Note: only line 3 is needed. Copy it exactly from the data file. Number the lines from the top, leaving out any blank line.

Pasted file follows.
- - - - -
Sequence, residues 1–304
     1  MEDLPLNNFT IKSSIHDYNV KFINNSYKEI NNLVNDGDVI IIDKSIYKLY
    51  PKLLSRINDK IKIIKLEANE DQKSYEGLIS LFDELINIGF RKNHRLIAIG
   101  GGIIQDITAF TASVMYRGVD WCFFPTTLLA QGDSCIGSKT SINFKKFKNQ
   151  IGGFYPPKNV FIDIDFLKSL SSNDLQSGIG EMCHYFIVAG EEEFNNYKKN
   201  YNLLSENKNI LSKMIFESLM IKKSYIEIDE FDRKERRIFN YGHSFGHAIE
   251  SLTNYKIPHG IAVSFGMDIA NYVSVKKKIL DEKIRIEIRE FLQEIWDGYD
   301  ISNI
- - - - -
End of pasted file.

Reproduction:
    51  PKLLSRINDK IKIIKLEANE DQKSYEGLIS LFDELINIGF RKNHRLIAIG